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Reflecting on Horizons

I’ve been to Sydney many times before. The harbour is always beautiful, the beaches are inviting and, no matter how parochially Victorian I might be, I can’t deny how good the weather is.

 

But, my last visit to the NSW capital is one that I’ll never forget; because I saw the city through a new lens.

 

I was lucky enough to meet up with Year 9 and 10 students on one of Community Spirit Foundation’s Horizons camps. These young people had travelled there from our partner communities in the Northern Territory and Queensland. And, for those who had never been to a capital city before, it must have felt like they had journeyed to another world.

 

Using an Opal Card to board a train might be second nature to many of us. But, for some of these young people, it was their first time doing it. In fact, some of them had never ridden public transport before, but soon discovered the joy of ‘surfing’ in the articulated section at the middle of the bus. Walking with thousands of others during peak-hour might be part of our daily commute, but some of these students would never have seen so many people in the one place at the one time. Even speaking English as their primary language is something that many of the students don’t do at home.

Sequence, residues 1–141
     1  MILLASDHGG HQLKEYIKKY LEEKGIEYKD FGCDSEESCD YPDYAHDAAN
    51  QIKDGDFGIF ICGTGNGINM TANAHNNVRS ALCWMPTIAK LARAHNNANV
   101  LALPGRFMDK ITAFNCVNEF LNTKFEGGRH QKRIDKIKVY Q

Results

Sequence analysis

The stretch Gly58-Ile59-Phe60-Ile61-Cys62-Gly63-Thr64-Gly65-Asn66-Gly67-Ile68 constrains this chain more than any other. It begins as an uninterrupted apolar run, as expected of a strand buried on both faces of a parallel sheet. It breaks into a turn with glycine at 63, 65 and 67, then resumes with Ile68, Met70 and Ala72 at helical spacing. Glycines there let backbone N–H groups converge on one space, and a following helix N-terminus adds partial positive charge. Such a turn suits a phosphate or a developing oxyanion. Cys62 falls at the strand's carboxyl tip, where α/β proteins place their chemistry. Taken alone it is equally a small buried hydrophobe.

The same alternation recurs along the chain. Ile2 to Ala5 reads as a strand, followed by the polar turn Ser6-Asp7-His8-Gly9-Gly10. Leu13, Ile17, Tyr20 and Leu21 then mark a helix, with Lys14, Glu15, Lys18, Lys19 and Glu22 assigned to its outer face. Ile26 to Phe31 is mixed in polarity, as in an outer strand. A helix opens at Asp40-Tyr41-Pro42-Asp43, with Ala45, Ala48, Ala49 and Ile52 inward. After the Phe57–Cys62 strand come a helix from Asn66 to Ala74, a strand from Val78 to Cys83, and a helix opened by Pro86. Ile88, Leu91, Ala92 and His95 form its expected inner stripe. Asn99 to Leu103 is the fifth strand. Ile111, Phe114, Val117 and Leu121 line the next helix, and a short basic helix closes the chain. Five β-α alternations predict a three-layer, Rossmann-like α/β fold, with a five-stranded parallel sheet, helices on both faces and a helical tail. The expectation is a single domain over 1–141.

While these young people could have been completely overwhelmed, they demonstrated an astonishing amount of courage and resilience. It’s true we work hard to design our programs to ensure everyone on our camps is, and feels, safe and supported, but they must draw on their own internal strength while they’re there.

 

In Sydney, the young people tested their brawn indoor rock climbing, viewed a special rehearsal of Bangarra Dance Theatre, visited Google’s office, saw behind the scenes at Taronga Zoo, heard from the University of Technology Sydney about pathways for further education and listened to Olympian, and friend of the foundation, Steve Hooker about goal setting. They also scaled the top of the Sydney Harbour Bridge and, while I was taking deep, calming breaths at the summit, they were taking the view, and the height, in their stride.

 

Some young people celebrated the new skills they learned: “Surfing is really hard but it was fun”. While others used the camp to focus their ambitions: “When I leave school I would like to be a teacher”. Others saw the potential in themselves as well as their peers: “When I leave school, I would like to meet each kids that came to CSF camp at university”. And some made connections that will endure: “I don’t want to leave people who I made friends with”. 

 

Pleasingly, 10 of the 13 students who attended camp said they wanted to attend school ‘more’ when they returned home, nine felt prouder of themselves and more confident, and nine were more committed to trying their best at school than when they arrived. It fills my heart with joy to see the impact this program is having on these young lives.

 

This year, Community Spirit Foundation took more than 80 students on eight camps. That means that 80 young people, from some of Australia’s most remote locations, met role models, connected with pathways to work and further education, and saw what opportunities exist for them outside of their community.

 

We are so proud of the Horizons program we’ve delivered this year, and of the young people who have taken part in them. But none of this would be possible without the support of our Horizons funding partners. We thank you.

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